Many donors like to find out if any babies have been born as a result of their egg donation. You are entitled to know if your eggs have resulted in a successful pregnancy, including the number of children that have been born, whether they are boys or girls, and the year of their birth. You will not be given any information which could lead to those children being identified as unfortunately we are unable to give that information.

What can the child know about me?

The law was changed in 2005 so that all new HFEA-registered donors are potentially identifiable to any conceived children once they reach the age of 18. Until then, they only have access to non-identifying information, such as your height, weight, hair, and eye colour. Once they are 18, they can then contact the HFEA and obtain further details. 

Will I be financially or legally liable for any children born from my donation?

The recipients of your donated eggs are the legal parents of any child born. Therefore, you have no financial or legal responsibility for any donor-conceived children now or in the future.

Will the recipients of my donor eggs ever know who I am?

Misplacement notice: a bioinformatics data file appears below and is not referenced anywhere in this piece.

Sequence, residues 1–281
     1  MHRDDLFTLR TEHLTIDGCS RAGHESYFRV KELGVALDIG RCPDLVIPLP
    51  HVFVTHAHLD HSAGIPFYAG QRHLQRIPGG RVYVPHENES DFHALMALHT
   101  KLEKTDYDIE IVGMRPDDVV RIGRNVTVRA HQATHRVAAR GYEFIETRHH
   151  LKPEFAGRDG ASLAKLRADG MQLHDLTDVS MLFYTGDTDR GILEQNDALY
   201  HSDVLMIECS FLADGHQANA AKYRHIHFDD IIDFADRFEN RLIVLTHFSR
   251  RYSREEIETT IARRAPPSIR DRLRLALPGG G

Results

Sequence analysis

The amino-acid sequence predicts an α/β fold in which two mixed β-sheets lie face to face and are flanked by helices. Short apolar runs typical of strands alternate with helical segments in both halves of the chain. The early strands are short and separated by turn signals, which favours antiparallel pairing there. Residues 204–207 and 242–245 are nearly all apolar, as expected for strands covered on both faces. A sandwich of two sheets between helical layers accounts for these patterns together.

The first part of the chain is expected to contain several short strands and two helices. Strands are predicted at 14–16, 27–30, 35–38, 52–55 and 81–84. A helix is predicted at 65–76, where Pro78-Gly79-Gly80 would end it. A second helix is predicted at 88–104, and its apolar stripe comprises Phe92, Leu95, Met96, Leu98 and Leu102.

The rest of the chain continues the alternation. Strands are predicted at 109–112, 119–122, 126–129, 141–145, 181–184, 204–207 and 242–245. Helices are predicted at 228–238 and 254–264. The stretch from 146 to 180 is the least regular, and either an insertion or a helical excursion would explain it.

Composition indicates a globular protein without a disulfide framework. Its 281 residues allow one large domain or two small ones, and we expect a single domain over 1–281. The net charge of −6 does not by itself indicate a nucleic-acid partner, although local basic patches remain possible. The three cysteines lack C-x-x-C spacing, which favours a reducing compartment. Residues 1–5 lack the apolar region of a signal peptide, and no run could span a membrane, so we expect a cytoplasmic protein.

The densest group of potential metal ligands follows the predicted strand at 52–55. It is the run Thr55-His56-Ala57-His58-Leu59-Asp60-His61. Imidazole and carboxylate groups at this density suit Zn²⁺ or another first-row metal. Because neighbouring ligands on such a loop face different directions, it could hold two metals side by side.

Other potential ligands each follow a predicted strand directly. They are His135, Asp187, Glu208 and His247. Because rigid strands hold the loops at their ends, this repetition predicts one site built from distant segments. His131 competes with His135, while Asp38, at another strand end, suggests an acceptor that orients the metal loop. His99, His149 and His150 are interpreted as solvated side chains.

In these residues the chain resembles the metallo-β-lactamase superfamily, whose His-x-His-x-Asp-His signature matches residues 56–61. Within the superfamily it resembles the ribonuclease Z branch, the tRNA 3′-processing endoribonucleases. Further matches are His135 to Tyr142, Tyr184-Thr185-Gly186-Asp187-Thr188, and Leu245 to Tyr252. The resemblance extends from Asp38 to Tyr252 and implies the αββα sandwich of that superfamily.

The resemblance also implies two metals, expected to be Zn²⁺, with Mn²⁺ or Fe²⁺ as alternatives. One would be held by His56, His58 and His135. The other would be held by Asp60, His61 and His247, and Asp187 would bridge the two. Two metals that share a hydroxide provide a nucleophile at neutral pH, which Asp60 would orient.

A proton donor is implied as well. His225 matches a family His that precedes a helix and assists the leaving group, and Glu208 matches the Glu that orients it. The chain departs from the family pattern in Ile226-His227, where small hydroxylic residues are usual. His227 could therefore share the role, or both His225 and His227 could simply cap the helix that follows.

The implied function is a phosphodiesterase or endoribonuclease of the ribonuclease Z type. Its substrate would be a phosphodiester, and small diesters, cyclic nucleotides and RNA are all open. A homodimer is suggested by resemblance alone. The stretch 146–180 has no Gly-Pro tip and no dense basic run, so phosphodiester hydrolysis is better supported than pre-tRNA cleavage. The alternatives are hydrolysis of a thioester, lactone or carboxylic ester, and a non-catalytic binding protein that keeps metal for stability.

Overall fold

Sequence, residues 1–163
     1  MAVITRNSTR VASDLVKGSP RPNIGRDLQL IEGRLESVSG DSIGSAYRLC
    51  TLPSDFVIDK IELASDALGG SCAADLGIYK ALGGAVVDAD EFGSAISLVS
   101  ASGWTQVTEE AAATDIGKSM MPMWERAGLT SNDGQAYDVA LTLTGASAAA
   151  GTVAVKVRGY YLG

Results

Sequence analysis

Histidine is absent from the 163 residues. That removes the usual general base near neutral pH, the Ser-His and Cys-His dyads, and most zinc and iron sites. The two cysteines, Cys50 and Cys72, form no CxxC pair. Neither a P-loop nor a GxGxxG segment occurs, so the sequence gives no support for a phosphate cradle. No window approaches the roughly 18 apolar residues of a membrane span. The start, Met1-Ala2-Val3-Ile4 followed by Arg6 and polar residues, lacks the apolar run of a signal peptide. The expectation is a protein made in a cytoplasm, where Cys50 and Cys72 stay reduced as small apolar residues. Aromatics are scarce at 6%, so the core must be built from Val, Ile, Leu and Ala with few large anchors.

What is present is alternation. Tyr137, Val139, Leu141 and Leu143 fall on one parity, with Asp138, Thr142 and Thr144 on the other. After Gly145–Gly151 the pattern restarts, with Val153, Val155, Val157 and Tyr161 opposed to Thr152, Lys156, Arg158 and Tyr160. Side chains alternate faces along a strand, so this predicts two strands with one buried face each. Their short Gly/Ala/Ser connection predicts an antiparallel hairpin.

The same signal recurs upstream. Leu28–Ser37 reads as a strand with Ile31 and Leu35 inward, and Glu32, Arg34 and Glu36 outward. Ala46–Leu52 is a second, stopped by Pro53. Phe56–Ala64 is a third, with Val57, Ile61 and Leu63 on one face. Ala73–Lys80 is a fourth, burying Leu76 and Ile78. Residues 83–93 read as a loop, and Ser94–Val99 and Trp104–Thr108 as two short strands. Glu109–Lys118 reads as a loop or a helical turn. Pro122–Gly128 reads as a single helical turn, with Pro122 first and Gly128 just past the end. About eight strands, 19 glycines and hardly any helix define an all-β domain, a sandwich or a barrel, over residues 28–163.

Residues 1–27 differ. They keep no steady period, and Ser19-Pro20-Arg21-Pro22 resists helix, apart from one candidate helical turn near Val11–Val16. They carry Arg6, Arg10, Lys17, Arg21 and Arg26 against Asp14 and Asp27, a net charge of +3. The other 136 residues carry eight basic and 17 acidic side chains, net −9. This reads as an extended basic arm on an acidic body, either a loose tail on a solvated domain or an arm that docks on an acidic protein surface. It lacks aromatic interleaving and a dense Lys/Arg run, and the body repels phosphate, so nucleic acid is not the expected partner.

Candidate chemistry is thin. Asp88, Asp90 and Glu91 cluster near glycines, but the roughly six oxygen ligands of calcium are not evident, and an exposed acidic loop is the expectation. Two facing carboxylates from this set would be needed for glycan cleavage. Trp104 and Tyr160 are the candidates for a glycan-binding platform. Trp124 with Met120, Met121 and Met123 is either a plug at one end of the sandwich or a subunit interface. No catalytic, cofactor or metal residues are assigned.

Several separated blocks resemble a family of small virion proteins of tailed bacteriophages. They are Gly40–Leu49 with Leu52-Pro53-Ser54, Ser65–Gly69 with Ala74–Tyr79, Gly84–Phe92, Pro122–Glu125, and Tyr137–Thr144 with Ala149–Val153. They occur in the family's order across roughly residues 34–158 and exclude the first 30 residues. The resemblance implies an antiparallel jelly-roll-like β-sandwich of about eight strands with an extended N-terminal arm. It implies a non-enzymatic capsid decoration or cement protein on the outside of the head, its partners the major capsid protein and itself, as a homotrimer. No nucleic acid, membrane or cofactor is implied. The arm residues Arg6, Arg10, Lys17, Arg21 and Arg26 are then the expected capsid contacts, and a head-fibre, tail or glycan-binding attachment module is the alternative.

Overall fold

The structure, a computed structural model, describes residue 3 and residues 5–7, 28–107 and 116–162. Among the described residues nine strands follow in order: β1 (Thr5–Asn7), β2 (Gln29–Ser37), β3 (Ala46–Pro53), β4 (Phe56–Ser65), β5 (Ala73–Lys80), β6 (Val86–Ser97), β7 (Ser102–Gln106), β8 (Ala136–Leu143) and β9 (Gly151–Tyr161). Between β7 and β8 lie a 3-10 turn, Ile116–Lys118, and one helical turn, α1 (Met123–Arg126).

Donations are made anonymously; recipient patients will not know who you are while going through the process. The expectant parents are usually given very basic information about you, which you put on your Human Fertilisation and Embryology Authority (HFEA) form at the time of registering as a donor. 

 This information can include your hair colour, eye colour, and height. You can also write a short description of yourself called a ‘Pen Picture’, here you can include your interests, hobbies and skills. Along with a ‘Good Will’ message for the donor-conceived child. More detailed information is available to the child once it reaches the age of 18, which enables them to potentially identify you if they wish. 

What do egg donors that have donated with you - say about donating?